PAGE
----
We can see this in the two most famous policy aspects of neoliberalism: mass privatisation of public services, and massive deregulation and liberalisation of sectors. The selling of rail licenses, for example, is making a market. So too is deregulating, say, the financial industry so that they can be more, ?innovative,? and bring new goods and services to market. A contemporary example is the government?s selling of the 5G spectrum. I?m hesitant to get into whether privatisation is good or not (though, given most governments control natural monopoly assets ? something which the father of neoliberalism and Austrian school economist Friedrich von Hayek may have actually agreed with ? a blind adherence in the, ?market knows best,? approach isn?t wise); I bring these examples up to illustrate the most basic way in which neoliberal governments create markets.
There is, however, a second and subtler way governments create markets under neoliberalism. Consider, once more, the sale of 5G spectrum rights. The government could have chosen not to sell the rights off, and instead invested in the technology themselves, developing a new, publicly owned service in 5G. In fact, the government could legislate for pretty much anything, yet there is this adherence to sale and float. Sale, obviously, involves the sale of assets and rights. Float, on the other hand, is more akin to deregulation. Say the government needs to build 10,000 new homes. They could build them themselves, hiring the workers and buying the materials (which, in a slump, would be a very Keynesian policy). In neoliberalism, however, they float, creating contracts and inviting private investors to build the homes which the government will subsidise (this is neoliberal demand stimulus). This creates markets, clearly, but it also does something very interesting: it transfers political power and decision making to the market.
This, more than anything, explains the rise of populism and the psychosis of neoliberalism. First, the psychosis, which debases the democratic influence we all have, replacing it with the hierarchical corporate authority which only a few have. Prior to neoliberalism, unionisation was a means of expressing one?s power within a private enterprise, while voting was a means of expressing that same power at a national and macroeconomic level. With the collapse of both institutions, the mantra of neoliberalism ? there is no alternative ? becomes hard to refute, as the means of wielding power over the new institutions of deified markets and supranational corporations no longer exist. Second, populism, which within the environment lends credibility to fringe and potentially dangerous ideas simply because they are different to the prevailing ideology. People long for escape, and long for belief; take back control, make America great again ? these are of course stooped in reactionary, nostalgic sentiment, but they are also fundamentally about power and hierarchy, about returning us to a place where the destination wasn?t pre-determined and our decision to travel was ours to make. To return us to a world where neoliberalism doesn?t own everything.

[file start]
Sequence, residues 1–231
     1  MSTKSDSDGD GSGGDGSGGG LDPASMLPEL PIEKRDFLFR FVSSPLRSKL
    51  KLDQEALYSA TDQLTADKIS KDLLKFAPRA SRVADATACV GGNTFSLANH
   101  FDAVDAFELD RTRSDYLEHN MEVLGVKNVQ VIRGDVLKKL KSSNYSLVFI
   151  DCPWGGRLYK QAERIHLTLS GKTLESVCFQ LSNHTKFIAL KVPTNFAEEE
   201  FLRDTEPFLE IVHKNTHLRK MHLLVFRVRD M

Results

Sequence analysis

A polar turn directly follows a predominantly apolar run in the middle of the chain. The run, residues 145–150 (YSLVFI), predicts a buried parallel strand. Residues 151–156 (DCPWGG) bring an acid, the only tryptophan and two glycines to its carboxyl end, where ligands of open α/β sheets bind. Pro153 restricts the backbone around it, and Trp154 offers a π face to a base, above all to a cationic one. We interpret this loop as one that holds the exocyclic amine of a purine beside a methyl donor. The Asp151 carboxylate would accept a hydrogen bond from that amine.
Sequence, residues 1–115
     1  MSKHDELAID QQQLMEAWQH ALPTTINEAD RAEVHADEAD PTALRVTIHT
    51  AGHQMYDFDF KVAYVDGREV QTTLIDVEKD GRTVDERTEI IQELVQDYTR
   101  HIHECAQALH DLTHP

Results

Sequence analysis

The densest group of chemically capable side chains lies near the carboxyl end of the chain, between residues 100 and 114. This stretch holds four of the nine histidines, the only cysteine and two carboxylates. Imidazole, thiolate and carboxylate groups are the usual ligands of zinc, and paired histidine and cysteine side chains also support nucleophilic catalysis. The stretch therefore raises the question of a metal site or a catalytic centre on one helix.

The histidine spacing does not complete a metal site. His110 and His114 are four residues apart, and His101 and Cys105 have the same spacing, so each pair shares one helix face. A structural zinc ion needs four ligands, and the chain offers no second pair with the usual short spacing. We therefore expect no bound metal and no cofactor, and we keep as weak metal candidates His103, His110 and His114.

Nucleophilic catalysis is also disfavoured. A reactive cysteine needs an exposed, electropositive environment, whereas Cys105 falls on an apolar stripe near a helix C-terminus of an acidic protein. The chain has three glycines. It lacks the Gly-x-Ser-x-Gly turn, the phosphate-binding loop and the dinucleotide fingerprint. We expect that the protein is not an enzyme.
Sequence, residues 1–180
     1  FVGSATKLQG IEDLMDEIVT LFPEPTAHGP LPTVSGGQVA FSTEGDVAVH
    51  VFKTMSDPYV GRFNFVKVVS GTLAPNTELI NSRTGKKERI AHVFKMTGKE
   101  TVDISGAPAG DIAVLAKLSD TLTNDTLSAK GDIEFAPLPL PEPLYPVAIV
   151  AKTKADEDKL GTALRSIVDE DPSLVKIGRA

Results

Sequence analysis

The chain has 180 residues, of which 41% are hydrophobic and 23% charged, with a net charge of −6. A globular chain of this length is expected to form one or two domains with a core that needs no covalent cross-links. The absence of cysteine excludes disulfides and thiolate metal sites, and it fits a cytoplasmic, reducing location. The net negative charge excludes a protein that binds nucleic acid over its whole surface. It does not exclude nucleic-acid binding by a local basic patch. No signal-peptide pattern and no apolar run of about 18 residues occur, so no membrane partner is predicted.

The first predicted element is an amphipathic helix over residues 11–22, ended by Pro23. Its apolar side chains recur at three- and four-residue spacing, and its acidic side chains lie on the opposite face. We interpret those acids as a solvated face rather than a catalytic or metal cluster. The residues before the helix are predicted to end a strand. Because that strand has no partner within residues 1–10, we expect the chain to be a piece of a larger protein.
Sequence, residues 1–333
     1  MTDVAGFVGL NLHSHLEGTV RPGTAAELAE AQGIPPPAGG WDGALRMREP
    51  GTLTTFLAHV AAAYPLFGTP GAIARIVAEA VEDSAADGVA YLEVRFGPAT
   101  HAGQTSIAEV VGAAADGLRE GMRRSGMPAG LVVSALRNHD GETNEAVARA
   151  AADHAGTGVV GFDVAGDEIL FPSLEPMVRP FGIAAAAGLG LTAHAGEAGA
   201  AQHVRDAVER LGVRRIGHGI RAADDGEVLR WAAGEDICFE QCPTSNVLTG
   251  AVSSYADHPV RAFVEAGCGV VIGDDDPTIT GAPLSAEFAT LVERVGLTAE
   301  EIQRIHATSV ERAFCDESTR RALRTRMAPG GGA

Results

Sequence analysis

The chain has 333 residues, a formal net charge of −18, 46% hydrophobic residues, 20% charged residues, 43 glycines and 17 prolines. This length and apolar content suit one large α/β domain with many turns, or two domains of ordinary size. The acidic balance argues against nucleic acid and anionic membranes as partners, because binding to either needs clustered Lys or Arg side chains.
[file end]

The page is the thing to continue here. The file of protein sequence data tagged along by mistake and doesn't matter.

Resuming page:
How the Rest Have Won
One might be forgiven for feeling such a critique has moved beyond the scope of this article; an article with a strict goal of defining and describing the features of neoliberalism. But it would be a gross oversight to put forth such as discussion yet omit a part of neoliberalism which is just as fundamental to the doctrine as any other: the flaws in the ideology which are challenging its hegemony, what economist Mark Blyth has referred to ask the bugs in the software.
Classical liberalism?s failure during the Great Depression was that governments of the day had no tools with which to fix the economy, deferring to previous strategies of simply waiting for the memory of crisis to evaporate and animal spirits to return. But this logic is the idea that inspired Keynes? most famous quote:
?[T]his long run is a misleading guide to current affairs. In the long run we are all dead. Economists set themselves too easy, too useless a task if in tempestuous seasons they can only tell us that when the storm is past the ocean is flat again.?
Such was the solution given by classical liberalism, and the problem Keynes sought to tackle. As above, neoliberalism has learnt from Keynes? temporal observation, but from the outset fails to grasp Keynes? sentiment. In his book on Keynes, the economist Geoff Mann notes that Keynes followed a long line of thinkers concerned with saving civilisation, and thus believed any market intervention must not focus on saving capitalism, but saving the people within society whom capitalism serves and is served. Neoliberalism, on the other hand, intervenes to save markets, almost pathological assuming this ensures civilisation.